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India proposes to ban singles, gays and common law couples from commercial surrogacy

In recent years, couples and individuals trying to create their families have been seeking commercial surrogacy options in greater numbers, particularly in India. Commonly referred to as “reproductive tourism”, those who can’t afford or are restricted from pursuing fertility treatments in their own county, often pursue treatments in other countries where the costs are more affordable and there are fewer restrictions. Critics of foreign surrogacy arrangements in India suggest that the lack of legislation surrounding the surrogacy process raises moral and ethical concerns, and may encourage the exploitation of disadvantaged Indian women.

So, in an attempt to impose regulations on the commercial surrogacy industry, legislation has recently been proposed that would make it impossible for gay and lesbian couples, as well as singles, to enter into a surrogacy agreement with an Indian woman. If the legislation is passed, only heterosexual couples who have been legally married for at least two years and who can provide proof that their home country will give citizenship to a child born to an Indian surrogate, would be eligible to create their families through surrogacy in India.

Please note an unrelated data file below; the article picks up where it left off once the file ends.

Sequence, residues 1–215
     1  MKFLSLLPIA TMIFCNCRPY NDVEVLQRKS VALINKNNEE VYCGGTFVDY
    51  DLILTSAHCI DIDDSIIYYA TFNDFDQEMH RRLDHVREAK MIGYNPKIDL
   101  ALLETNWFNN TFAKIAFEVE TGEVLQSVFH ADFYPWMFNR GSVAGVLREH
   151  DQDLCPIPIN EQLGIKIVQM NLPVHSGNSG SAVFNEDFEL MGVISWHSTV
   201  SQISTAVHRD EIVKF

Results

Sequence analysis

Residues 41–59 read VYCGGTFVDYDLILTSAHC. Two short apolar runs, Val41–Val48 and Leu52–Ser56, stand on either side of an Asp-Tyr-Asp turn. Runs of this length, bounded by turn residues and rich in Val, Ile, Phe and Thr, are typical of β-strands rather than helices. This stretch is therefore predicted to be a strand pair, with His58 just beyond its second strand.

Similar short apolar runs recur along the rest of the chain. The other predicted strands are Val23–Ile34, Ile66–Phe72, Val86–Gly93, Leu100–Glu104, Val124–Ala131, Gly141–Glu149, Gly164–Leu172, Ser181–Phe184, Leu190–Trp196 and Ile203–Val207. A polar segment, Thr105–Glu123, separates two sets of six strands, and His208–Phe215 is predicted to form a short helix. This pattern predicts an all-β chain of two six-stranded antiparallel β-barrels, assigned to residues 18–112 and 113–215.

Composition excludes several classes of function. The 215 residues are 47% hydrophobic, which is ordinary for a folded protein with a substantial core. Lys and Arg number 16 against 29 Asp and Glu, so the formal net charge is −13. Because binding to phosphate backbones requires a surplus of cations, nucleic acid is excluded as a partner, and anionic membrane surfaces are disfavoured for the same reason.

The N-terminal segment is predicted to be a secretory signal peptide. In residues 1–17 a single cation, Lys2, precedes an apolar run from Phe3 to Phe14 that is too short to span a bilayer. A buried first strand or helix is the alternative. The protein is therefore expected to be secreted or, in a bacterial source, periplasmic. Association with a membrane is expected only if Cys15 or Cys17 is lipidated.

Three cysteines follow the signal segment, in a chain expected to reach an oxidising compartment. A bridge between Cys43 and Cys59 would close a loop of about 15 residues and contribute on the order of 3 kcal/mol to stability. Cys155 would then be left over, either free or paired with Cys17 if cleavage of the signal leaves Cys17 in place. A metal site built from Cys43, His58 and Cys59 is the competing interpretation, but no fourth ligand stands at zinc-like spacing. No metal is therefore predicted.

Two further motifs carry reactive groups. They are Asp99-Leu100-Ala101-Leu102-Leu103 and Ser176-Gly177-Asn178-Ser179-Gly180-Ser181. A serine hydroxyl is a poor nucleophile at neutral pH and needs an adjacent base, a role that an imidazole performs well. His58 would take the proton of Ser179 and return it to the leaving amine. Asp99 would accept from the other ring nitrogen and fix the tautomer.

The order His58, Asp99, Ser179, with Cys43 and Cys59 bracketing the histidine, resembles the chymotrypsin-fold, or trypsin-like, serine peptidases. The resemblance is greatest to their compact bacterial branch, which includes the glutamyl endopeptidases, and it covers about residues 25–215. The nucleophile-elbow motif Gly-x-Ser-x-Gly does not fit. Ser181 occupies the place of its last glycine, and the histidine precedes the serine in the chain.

Fertility clinics and gay rights activists have spoken out against these proposed regulations, calling them “discriminatory”. For example, Dr. Rita Bakshi – the director of the International Fertility Centre in New Delhi – said: “Parenting is everybody’s rightThese rules are definitely not welcome, definitely restrictive and very discriminatory.” Mumbai gay rights activist Nitkin Karani agrees: “It’s totally unfair – not only for gay people but for people who are not married who may have been living together for years, and for singles”. Founding partner of Indian Surrogacy Law, Hari Ramasubramanian, said the proposed new rules were introduced without “proper consultation” and need to be challenged in the court system. 

Read more about the challenges of foreign surrogacy arrangements here. 

Read more about this issue here.

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